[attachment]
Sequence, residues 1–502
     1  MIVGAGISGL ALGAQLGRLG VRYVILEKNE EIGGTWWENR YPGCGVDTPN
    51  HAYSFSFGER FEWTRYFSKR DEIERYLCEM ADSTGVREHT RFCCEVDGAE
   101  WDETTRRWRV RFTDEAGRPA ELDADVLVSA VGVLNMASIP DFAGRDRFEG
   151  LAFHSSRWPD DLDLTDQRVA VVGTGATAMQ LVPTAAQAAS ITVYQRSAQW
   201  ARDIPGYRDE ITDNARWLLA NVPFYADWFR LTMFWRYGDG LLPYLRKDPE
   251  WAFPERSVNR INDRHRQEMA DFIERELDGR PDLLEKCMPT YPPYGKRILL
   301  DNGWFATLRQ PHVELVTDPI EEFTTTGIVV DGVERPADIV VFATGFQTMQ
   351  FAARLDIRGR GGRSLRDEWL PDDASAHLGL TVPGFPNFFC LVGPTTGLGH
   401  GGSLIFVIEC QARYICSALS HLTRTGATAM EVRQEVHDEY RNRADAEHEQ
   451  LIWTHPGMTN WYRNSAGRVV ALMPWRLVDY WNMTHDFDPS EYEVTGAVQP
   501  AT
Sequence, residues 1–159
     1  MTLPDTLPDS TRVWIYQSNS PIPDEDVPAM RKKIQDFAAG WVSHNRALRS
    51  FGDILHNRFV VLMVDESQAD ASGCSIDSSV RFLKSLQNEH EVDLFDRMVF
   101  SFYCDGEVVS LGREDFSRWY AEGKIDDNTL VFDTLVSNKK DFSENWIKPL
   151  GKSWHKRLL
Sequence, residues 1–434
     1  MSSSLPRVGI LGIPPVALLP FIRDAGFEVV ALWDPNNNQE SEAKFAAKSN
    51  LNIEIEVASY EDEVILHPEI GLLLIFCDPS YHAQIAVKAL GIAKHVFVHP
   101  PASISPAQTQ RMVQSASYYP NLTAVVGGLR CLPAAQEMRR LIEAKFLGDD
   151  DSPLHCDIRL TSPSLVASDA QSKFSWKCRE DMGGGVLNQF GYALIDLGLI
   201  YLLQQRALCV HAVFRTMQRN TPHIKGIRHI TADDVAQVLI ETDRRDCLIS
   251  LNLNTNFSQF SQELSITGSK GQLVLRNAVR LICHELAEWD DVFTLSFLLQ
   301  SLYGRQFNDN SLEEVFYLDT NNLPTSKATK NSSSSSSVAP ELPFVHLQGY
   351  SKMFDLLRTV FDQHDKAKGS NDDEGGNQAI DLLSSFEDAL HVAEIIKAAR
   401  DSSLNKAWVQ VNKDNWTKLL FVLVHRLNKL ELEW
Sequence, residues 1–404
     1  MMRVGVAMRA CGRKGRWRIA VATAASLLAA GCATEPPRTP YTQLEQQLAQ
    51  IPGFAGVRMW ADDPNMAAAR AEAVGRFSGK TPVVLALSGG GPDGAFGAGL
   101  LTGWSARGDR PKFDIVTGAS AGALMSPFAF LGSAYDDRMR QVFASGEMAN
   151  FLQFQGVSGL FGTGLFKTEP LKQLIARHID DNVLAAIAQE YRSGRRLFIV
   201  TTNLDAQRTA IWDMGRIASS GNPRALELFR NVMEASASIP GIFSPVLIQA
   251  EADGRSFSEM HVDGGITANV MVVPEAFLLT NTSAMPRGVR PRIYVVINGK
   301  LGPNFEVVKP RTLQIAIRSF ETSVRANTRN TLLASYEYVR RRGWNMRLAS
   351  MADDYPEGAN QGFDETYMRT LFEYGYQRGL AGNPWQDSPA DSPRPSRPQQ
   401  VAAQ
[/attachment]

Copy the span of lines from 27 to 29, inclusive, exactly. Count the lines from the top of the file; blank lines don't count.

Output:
   401  DSSLNKAWVQ VNKDNWTKLL FVLVHRLNKL ELEW
Sequence, residues 1–404
     1  MMRVGVAMRA CGRKGRWRIA VATAASLLAA GCATEPPRTP YTQLEQQLAQ